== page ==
We talked to Michael Sundquist, founder of Cool Company, about umbrella taxation services, and this is what he said about it.
First of all, how are you and your family doing in these COVID-19 times?
Michael Sundquist: My family and I are doing well, following the Public Health Authority restrictions, and are isolated from relatives and friends in risk groups. Our two children are fortunately still going to school and get to keep the social interaction there, which we are happy for.
Tell us about you, your career, and how you joined Cool Company.
Michael Sundquist: I’m born and raised in Stockholm, but I went to the University of Hull in London, UK, where I got my bachelor’s degree in business management. Which lead me to 10 years in management consultancy, followed by another 10 years in leading and developing sales forces. I was approached by Cool Company in 2017 and was sincerely impressed with the concept to enable freelancers to grow their business without having to start their own company. I first joined the company as a sales manager but took over as CEO at the beginning of 2019.
How does Cool Company innovate?
Michael Sundquist: We are one of the forerunners in enabling the freelance and consultancy market for those that do not wish to have their own company but still want to freelance. We also help the company side work with flexible staff by removing the many administrative burdens it entails. It is really about making the labor market available to more people and fulfills more needs. This can only be done by constantly developing our offering and following the development of the labor market. By doing this, we create the most sustainable and secure solution possible – for both freelancers and companies.
How has the coronavirus pandemic affected your business, and how are you coping?
Michael Sundquist: Our business consists of 70 percent of B2C freelancing without starting your own company. Since the pandemic has affected a lot of freelancers due to them having a harder time finding assignments, it has also affected us. But both are freelancers, and we are lucky. The majority of our users are white-collar professionals working in industries such as marketing and IT. These areas weren’t as affected by the pandemic as, for example, the travel or event industry. We see the same trend in our B2B business, but here we also have some companies within e-commerce and distribution which have even been able to grow during the pandemic. Some of our clients have even taken steps outside Sweden together with us. To summarise, the pandemic has obviously affected us. Still, we are happy to have innovators and entrepreneurs as customers, and together we have managed the situation in the best way we can.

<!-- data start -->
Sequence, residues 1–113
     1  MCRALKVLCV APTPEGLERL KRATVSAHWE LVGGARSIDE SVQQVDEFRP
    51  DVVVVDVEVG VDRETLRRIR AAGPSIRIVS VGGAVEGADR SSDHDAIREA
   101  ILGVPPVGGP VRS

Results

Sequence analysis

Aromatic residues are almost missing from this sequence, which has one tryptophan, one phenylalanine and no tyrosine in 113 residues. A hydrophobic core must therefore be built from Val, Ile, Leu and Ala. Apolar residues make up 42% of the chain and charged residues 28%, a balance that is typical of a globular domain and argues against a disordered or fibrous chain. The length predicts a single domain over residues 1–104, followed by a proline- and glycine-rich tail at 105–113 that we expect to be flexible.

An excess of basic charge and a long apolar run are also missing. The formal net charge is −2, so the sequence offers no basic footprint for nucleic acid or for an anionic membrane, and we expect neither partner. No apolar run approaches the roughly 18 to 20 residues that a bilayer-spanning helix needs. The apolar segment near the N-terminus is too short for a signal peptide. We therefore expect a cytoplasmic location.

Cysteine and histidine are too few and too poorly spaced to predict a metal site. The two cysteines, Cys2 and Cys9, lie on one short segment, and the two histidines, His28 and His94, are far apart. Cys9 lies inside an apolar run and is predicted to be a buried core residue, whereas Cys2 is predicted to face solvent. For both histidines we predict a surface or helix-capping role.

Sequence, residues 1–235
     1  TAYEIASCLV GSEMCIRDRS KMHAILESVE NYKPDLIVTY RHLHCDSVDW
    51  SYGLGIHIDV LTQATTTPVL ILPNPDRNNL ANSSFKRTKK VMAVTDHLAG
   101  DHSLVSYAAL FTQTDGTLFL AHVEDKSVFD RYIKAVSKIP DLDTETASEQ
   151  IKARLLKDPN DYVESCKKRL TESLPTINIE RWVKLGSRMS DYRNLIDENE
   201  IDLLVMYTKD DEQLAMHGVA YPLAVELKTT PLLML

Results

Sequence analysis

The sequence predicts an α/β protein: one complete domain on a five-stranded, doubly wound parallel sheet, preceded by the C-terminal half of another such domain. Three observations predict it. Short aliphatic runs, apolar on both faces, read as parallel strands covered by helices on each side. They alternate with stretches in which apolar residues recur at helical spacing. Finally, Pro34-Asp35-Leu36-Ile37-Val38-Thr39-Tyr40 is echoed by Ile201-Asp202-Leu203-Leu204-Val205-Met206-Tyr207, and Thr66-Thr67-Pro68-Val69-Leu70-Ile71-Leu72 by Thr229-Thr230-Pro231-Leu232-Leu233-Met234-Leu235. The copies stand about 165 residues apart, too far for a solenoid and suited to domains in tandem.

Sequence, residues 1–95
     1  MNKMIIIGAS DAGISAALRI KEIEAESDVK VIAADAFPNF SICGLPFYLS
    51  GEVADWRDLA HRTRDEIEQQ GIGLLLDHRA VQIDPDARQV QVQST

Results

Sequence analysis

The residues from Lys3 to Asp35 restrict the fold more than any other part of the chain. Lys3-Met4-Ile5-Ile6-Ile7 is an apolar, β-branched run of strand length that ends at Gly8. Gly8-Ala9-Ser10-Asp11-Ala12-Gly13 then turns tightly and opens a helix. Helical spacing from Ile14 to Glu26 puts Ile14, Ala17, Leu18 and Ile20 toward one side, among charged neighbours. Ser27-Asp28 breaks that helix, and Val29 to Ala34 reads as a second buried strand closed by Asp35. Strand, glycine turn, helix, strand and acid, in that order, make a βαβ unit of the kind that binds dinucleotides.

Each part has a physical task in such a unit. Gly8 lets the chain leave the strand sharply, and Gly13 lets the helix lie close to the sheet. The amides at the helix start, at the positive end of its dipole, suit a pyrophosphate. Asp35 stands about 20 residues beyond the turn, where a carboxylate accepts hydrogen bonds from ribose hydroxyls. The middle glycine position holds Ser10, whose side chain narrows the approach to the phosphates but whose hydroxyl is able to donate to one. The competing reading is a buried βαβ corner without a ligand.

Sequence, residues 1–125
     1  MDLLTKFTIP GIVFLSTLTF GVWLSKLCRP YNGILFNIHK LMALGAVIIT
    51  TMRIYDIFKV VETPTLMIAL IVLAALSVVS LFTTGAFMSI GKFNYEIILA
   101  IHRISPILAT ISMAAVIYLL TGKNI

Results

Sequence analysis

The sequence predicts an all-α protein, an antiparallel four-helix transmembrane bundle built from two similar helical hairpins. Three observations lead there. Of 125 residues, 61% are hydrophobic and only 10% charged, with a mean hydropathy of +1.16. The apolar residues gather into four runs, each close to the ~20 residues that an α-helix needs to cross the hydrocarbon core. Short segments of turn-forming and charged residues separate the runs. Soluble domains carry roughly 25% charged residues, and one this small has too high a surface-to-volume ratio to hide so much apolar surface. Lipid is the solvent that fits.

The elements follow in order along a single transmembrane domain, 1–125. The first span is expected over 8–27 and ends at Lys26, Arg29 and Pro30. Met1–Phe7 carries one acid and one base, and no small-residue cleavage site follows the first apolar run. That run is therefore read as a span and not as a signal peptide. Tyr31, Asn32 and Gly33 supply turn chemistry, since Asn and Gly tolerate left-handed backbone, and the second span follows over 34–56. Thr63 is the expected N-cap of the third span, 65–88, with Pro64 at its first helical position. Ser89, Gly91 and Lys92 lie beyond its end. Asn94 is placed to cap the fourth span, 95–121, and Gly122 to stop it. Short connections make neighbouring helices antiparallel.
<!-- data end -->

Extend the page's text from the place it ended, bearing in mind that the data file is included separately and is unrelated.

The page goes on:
Did you have to make difficult choices, and what are the lessons learned?
Michael Sundquist: At the beginning of the pandemic, we didn’t know how it would affect us, for how long and what to expect. We acted fairly quickly and made a couple of tough decisions to make cost savings which proved to be wise since it’s been a long year, and we still know very little about how and when we will see the end of it. The lesson learned, I would say, is to act quickly, take any unknown situation very seriously and rather let go of restrictions and ease up afterward. We are responsible for many people and jobs. Therefore we need to act responsibly. We do not want to gamble and take chances and be left blindsided.
What specific tools, software, and management skills are you using to navigate this crisis?
Michael Sundquist: I would like to turn the question around and state that Cool Company has always worked digitally, and we are built with digital tools. If you want to simplify it, you can say that we are a small organization with customer acquisition, and automated backend, and customer support. It wasn’t really a big change for the business to go 100% digital. The main change that came with the pandemic was that we had to pack up the office and continue to operate from home with Slack as a substitute for office noise and Microsoft Teams for our meetings, daily stand-ups, and of course, the important Swedish “Fika” breaks.
Who are your competitors? And how do you plan to stay in the game?
Michael Sundquist: The interest in the self-employment industry is definitely growing, and several small and low-price competitors are popping up. But with our long experience in the business, we are firm believers that quality, sustainability, and safety will be necessary for companies and freelancers that want to remain safely in the business. It is important to read the fine print about what is included and what is not included.
What also sets us apart from the competition is our offer and a complete solution because we both work with B2C, B2B, have a matching service to help freelancers find assignments, and have a framework around freelance benefits. Nevertheless, we are expanding across more markets geographically and making the freelance world smaller and more accessible to more people.
Your final thoughts?
Michael Sundquist: The movement towards a modern way of working was already in motion before the pandemic. This being said, it might have gotten speeded up when almost the whole world learned to go digital and learned that what is geographically close is of less significance. This creates new possibilities for people. 9 to 5 and working for the same company for 30 years belongs to the analog world. This digitalization opens up a new labor market and a new way of living where you can adapt working life to your life – instead of the other way around.
If you are thinking about working for you and starting your own business but want to dip your toes into the water first and try it out, you’re always welcome to join Cool Company and get the freedom to work as If you had your own company, but the safety as if you were employed.
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